Advertisement

Impeachment gets a brief look

A resolution against Cheney gets parked in the judiciary panel. Republicans had sought to spark a floor fight.

November 07, 2007|Johanna Neuman | Times Staff Writer

WASHINGTON — House Democrats on Tuesday beat back a Republican attempt to force them to vote on a divisive resolution to impeach Vice President Dick Cheney for "fabricating a threat of Iraqi weapons of mass destruction" to justify the war in Iraq.

The 218-194 party-line vote waylaying the measure by sending it to the judiciary committee capped a remarkable afternoon in which Republicans tried to outfox Democrats, switching their votes in a strategy that could have triggered an immediate vote.

"We're going to help them out," explained Rep. Pete Sessions (R-Texas). "We're going to give them their day in court."

House Speaker Nancy Pelosi (D-San Francisco) and her lieutenants maneuvered to avoid a bruising floor fight. Such a clash would have forced Democrats to choose between their liberal base, which might cheer a Cheney impeachment, and a broader electorate, which might view the resolution as a partisan game in a time of war.

With the vote technically slated to last 15 minutes, she held voting open for more than an hour and finally forced the measure to an uncertain future in the committee.

That referral effectively shelved the issue for now, but not before the resolution's sponsor, Rep. Dennis J. Kucinich, a far-left Ohio Democrat running for president, had a chance to read into the record three articles of impeachment against the vice president.

"Impeachment is not on our agenda," said House Majority Leader Steny Hoyer (D-Md.). "We have some major priorities. We need to focus on those."

House Judiciary Committee Chairman John Conyers Jr. (D-Mich.) agreed that it was not in Pelosi's interest to advance the articles of impeachment. "If she were to let this thing out of the box, considering the number of legislative issues we have pending . . . it could create a split that could affect our productivity for the rest of the Congress," Conyers told Fox News.

The resolution said that Cheney, "in violation of his constitutional oath to faithfully execute the office of vice president," had "purposely manipulated the intelligence process to deceive the citizens and Congress of the United States by fabricating a threat of Iraqi weapons of mass destruction to justify the use of the U.S. Armed Forces against the nation of Iraq in a manner damaging to our national security interests."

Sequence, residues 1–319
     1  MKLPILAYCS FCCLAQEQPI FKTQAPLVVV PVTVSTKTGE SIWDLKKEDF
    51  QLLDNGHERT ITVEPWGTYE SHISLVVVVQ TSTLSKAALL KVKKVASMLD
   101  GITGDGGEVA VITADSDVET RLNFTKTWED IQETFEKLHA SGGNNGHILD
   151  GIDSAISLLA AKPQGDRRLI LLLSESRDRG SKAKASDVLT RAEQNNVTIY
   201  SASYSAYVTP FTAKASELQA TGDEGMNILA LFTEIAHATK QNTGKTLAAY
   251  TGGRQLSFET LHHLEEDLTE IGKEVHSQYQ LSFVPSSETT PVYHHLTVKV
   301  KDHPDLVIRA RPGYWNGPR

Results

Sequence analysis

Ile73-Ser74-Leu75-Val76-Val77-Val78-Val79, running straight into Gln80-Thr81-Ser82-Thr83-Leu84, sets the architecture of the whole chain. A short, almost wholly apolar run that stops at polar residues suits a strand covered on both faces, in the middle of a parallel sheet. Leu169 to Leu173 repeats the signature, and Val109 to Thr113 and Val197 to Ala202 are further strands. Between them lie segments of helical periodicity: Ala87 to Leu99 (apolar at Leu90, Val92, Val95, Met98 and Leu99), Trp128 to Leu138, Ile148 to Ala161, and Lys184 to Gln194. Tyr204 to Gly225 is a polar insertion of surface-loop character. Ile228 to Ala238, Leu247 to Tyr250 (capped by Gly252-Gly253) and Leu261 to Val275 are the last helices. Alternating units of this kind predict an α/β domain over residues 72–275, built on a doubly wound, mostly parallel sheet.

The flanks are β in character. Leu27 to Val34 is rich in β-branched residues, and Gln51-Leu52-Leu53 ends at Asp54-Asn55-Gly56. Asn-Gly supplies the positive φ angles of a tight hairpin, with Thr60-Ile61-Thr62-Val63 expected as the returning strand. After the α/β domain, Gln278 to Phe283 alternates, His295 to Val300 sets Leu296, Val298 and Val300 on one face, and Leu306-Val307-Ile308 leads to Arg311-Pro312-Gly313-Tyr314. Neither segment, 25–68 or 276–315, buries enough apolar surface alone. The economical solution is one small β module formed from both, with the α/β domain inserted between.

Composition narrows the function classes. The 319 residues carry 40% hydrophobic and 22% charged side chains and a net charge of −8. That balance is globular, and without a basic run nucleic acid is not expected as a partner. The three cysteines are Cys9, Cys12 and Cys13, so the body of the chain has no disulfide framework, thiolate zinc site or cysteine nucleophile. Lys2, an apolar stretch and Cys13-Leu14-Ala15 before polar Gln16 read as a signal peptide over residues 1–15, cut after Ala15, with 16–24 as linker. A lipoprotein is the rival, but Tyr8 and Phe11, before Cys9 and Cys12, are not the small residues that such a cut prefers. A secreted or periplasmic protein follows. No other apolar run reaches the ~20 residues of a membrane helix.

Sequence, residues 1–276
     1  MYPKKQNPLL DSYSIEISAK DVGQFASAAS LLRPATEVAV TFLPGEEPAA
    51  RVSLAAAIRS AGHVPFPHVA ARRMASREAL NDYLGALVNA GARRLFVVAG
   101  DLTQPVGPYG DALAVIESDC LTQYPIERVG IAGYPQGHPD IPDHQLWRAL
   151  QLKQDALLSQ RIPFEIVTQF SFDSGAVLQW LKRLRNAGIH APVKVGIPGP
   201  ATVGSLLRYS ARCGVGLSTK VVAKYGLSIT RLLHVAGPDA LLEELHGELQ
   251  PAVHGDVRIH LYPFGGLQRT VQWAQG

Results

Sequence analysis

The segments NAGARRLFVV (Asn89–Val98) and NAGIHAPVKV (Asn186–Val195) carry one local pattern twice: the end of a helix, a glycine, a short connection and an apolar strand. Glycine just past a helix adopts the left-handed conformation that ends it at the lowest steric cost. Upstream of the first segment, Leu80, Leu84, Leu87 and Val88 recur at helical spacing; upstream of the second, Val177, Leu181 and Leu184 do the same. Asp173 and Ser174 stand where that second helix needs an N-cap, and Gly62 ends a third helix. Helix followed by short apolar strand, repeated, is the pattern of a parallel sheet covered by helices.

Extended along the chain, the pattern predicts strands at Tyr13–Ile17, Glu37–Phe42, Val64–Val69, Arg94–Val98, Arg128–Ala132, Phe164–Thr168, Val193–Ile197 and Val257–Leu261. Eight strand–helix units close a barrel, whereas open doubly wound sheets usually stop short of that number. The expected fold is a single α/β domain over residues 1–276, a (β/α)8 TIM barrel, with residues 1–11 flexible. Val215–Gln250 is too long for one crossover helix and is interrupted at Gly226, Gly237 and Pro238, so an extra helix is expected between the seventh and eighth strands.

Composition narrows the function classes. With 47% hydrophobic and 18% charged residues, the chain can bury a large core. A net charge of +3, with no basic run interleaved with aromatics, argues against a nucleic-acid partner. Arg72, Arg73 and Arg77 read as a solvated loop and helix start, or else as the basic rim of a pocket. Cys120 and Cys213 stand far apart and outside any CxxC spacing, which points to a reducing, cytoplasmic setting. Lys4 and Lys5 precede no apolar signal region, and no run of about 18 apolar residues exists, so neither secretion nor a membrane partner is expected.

The 11-page resolution also charged that Cheney purposely deceived the nation about an alleged relationship between Iraq and Al Qaeda and has also "openly threatened aggression against the Republic of Iran absent any real threat to the United States."

If the judiciary committee were to vote out any of the impeachment articles, the issue would then go to the House floor. If the House were to vote to impeach Cheney, the Senate could try him and, with a two-thirds vote, remove him from office. "This vote sends a message that the administration's conduct in office is no longer unchallenged," Kucinich said afterward. Predicting that the judiciary committee will be forced by public opinion to hold hearings, he added, "Hopefully, it will have a restraining effect on this administration to stop this madness."

Four Democrats joined Kucinich to vote against sending the impeachment resolution to committee.

They included Reps. Bob Filner of Chula Vista and Maxine Waters of Los Angeles.

At day's end, Republicans and Democrats were accusing each other of petty political ploys at the expense of important business.

At the White House, Press Secretary Dana Perino noted that Congress "has not sent a single appropriations bill to the president's desk this year . . . yet they find time to spend an entire work period on futile votes to impeach the vice president. It is this behavior that leaves the American people shaking their head in wonder at this Congress."

Cheney spokeswoman Megan M. Mitchell added, "It is one thing for Congressman Kucinich to use this political ploy in his presidential campaign. It is another thing to do so on the floor of the U.S. House of Representatives."

Hoyer issued a statement chiding Republicans for turning the potential impeachment of a vice president into "a petty political game."

Insisting that House leaders have their eye on the ball, he added, "Speaker Pelosi and I have made it clear that this Congress is not going to proceed with impeachment, and is going to focus on critical issues facing our nation, such as healthcare for children and the war in Iraq."

johanna.neuman@latimes.com

Advertisement
Los Angeles Times Articles
|
|
|